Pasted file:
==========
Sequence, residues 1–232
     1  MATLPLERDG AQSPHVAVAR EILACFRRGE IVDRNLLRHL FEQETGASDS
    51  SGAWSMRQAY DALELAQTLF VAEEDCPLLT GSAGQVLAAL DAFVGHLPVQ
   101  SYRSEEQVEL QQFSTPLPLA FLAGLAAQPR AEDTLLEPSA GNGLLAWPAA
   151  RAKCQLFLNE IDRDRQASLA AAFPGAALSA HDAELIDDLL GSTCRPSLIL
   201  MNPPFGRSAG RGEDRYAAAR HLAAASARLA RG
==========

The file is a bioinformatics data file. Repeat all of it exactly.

Sequence, residues 1–232
     1  MATLPLERDG AQSPHVAVAR EILACFRRGE IVDRNLLRHL FEQETGASDS
    51  SGAWSMRQAY DALELAQTLF VAEEDCPLLT GSAGQVLAAL DAFVGHLPVQ
   101  SYRSEEQVEL QQFSTPLPLA FLAGLAAQPR AEDTLLEPSA GNGLLAWPAA
   151  RAKCQLFLNE IDRDRQASLA AAFPGAALSA HDAELIDDLL GSTCRPSLIL
   201  MNPPFGRSAG RGEDRYAAAR HLAAASARLA RG